Art Born in the Revolution: Russian Art and the State 1917-1932 - The Courtauld Institute of Art

Art Born in the Revolution: Russian Art and the State 1917-1932

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Art Born in the Revolution: Russian Art and the State 1917-1932

The Courtauld Institute of Art, Somerset House, Strand, London

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Lyubov Popova, Space-force Construction, 1921, oil with metallic powder on plywood, 70.2 x 52 cm State Tretyakov Gallery, Moscow

  • Friday 24 February 2017
    PLEASE NOTE: This Date Has Passed
    2:00 pm - 6:45 pm

    with registration time from 13.30

    Kenneth Clark Lecture Theatre, The Courtauld Institute of Art, Somerset House, Strand, London, WC2R 0RN

  • Saturday 25 February 2017
    PLEASE NOTE: This Date Has Passed
    10:30 am - 5:00 pm

    with registration from 10.00

    Reynolds Room, Royal Academy of Arts, Burlington House, Piccadilly, Mayfair, London, W1J 0BD

Organised by

  • Dr Natalia Murray: The Courtauld Institute of Art

Ticket / entry details:

Conference is now fully booked

For Day 1 at The Courtauld only: £16 (general admission) £11 (Over 60s, students and Courtauld staff)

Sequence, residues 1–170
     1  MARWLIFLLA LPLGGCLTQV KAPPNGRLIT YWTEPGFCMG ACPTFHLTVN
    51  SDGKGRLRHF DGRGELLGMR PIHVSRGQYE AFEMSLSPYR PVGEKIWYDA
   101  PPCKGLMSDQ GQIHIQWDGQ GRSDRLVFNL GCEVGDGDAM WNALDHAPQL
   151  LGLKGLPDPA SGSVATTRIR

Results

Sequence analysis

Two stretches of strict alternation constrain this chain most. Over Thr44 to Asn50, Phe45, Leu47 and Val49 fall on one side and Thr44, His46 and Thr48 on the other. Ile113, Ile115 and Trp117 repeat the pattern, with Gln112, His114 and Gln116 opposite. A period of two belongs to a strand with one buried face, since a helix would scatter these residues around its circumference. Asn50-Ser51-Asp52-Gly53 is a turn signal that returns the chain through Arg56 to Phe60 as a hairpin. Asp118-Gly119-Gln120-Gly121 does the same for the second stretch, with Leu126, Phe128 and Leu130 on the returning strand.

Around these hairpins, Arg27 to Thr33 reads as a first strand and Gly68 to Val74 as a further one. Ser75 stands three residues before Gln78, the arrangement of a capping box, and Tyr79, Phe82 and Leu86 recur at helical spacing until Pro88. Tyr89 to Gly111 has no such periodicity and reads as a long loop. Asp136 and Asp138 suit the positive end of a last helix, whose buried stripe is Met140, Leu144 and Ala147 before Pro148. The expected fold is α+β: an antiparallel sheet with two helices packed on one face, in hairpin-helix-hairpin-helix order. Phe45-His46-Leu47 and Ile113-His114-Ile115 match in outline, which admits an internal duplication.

An international two-day conference jointly organised by The Courtauld Institute of Art and the Royal Academy of Arts
Please note that each day requires a separate booking.

This conference explores the extraordinary diversity of art made in Russia during one of the most turbulent periods in modern history. Turned overnight into the ruling party, the Bolsheviks aimed to use the power of mass propaganda in order to establish their founding mythology and disseminate their ideas to an overwhelmingly rural and illiterate population. Already in 1917 the leader of the new Bolshevik State, Vladimir Lenin, proclaimed that culture should support political needs, and the first day of our conference will aim to address the question of how useful visual art was to the Revolution, as well as how cinema, printed media and even consumer goods were used for propaganda. On the second day we will discuss the death and immortalisation of Lenin and consequent firm establishment of Stalin’s autocratic rule. We will consider the creation of Leninism as a central propaganda tool of the Communist system, and the birth of a new Soviet man – perfect and immortal.

Further information and online booking for Day 2 are available on The Royal Academy of Arts website. BOOKING for DAY 2

This event is generously supported by In Artibus

 

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